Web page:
The first trial over the secret U.S. "extraordinary rendition" program, in Milan in 2007, with 25 CIA agents among the defendants charged with the kidnapping of Abu Omar.
Giuseppe Cacace / AFP / Getty Images

In 2005, after the investigation in Italy began, the CIA instituted a travel ban for the officers connected to the rendition because arrest warrants had been issued for them in Europe. De Sousa, a naturalized U.S. citizen who was born and raised in India and whose family still lives there, was concerned she would not be able to see her elderly parents. She was able to make one trip back home in September 2005 (the CIA approved it as long as she could avoid traveling through Europe) to see her father, who was hospitalized and later passed away. The following year, she asked the agency if it would pay for her mother to the U.S. for Christmas. But CIA officials balked. (De Sousa’s family was unaware of her employment with the CIA).

“They said, ‘You don’t qualify for the funds.’ They told my attorney they didn’t want to set a precedent,” she recalls. “We’re talking about $6,000. They were spending millions on this cover-up.” De Sousa says she saw the writing on the wall. “They wanted me out,” she says. “They knew what my limit was. They knew that the minute they tried to force me to sign memos saying I wouldn’t travel overseas they knew I would resign.”

But it didn’t happen as quickly as the agency would have liked. De Sousa spent three years trying to work through internal channels to bring a resolution to her case, at first raising questions about why the agency had not invoked diplomatic immunity for her and then calling attention to the rendition and alleged torture of Abu Omar by the Egyptians.

“I went through the whole thing internally,” De Sousa says. “I started off by approaching my supervisor, and then I went to the ombudsman at CIA. He was a great guy. He tried to go to bat for me and he was told to lay off. He said, ‘I can’t communicate with you anymore due to a seventh-floor edict [at the agency’s Langley headquarters where the director and other top officials work].’ I then went to the inspector general. The IG said, ‘It’s not part of our charter or mission to deal with this.”

Yet after she approached the watchdog’s office, the inspector general at the time, John Helgerson, said he wanted to launch an investigation into the rendition, De Sousa says, an assertion confirmed in a 2008 report published byThe New York Times. But the head of the NCS, Jose Rodriguez, who would later come under federal investigation for his role in ordering the destruction of nearly 100 interrogation videotapes of two high-value detainees held at black-site CIA prisons, said no. NCS would conduct its own review, Rodriguez said. In other words, the division of the CIA that De Sousa says screwed up would investigate itself.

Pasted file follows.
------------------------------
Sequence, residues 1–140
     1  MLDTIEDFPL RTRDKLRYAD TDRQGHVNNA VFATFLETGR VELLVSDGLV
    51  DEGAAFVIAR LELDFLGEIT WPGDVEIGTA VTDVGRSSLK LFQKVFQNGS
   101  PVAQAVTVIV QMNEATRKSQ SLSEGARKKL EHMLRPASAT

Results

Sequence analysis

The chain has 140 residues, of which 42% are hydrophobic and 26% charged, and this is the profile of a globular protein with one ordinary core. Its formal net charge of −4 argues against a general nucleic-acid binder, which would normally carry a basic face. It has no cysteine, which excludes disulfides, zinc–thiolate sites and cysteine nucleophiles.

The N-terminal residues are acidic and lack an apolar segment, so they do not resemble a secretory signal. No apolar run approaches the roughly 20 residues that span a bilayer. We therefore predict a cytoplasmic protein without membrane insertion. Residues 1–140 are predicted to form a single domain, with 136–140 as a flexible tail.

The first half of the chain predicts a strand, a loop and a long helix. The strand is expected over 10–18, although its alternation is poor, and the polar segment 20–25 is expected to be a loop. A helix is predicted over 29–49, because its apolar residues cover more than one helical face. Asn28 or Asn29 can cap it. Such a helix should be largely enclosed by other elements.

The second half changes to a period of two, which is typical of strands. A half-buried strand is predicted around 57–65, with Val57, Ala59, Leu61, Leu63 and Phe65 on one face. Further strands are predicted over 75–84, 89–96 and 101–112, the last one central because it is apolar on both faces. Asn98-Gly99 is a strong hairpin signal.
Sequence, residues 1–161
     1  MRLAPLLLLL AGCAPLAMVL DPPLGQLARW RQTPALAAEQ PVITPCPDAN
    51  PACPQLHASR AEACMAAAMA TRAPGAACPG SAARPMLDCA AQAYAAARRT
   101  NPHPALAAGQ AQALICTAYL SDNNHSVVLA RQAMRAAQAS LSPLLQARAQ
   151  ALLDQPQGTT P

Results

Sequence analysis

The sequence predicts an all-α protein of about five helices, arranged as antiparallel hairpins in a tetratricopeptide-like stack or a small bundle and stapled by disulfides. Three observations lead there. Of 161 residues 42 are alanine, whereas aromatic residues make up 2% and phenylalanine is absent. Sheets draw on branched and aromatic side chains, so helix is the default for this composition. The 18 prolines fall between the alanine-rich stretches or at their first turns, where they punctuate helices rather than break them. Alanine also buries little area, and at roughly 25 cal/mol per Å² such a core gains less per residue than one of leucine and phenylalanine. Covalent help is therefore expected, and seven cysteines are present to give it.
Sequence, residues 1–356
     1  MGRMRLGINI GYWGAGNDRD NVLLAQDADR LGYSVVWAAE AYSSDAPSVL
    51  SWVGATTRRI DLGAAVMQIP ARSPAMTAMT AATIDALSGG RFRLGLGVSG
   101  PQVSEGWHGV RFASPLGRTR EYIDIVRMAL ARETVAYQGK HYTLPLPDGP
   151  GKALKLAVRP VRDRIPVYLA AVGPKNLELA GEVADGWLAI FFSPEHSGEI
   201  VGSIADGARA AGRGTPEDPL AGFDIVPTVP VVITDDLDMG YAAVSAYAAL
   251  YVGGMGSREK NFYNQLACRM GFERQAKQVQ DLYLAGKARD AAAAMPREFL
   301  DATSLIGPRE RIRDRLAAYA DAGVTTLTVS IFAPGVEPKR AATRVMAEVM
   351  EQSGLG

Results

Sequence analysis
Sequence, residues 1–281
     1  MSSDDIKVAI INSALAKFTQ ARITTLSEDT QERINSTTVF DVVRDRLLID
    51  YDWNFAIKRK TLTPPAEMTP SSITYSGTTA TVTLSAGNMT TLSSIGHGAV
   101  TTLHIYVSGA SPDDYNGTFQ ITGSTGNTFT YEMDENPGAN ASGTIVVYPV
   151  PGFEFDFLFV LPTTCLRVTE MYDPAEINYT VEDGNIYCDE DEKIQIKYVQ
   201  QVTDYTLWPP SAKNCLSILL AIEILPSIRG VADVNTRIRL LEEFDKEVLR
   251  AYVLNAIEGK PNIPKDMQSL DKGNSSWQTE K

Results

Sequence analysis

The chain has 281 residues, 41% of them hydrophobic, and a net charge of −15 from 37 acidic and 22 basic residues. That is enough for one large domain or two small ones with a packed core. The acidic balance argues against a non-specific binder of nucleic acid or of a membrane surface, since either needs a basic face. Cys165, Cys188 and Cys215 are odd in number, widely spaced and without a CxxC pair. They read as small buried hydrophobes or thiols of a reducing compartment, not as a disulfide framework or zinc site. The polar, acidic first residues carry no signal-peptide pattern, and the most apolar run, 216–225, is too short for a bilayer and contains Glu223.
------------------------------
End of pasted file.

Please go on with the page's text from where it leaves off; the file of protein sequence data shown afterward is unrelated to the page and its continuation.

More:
Then-CIA Director Michael Hayden also convened an accountability-review board to look into the rendition. De Sousa asked to see the results but was told she was not authorized because she wasn’t involved in the rendition, despite the fact that she had been indicted and convicted for it.

“So I went to Congress informally,” De Sousa says. “I went to Linda Cohen, the liaison with CIA [for the House Permanent Select Committee on Intelligence]. I said, ‘Linda, did you see this review-board report?’ She said, ‘Oh, they’re smart. They sent this to committee. They put a such a high classification on it none of the staffers could see it.’” Cohen did not respond to requests for comment.

De Sousa wrote to Rodriguez and Hayden. But they did not respond to her inquiries either. “So then I started sending letters to Congress,” she says. De Sousa sent letters to members of Congress who sat on the House and Senate intelligence committees, including Sens. Jay Rockefeller and Kit Bond and Reps. Pete Hoekstra, Silvestre Reyes and Jan Schakowsky. But she says Rockefeller, Bond, Hoekstra and Reyes did not respond and Schakowsky, whose staff she met with, did not help her.

In February 2009, De Sousa resigned from the CIA, forfeiting her retirement. “I get up every morning and say, ‘Why?’ In 16 years I never saw anything like this,” she says. “I didn’t sign up for this. If they told me when I signed up ‘By the way, just to let you know, it’s possible if something happens we’re going to disavow and you may not see your family again,’ I would have said, ‘I’m not doing this.’”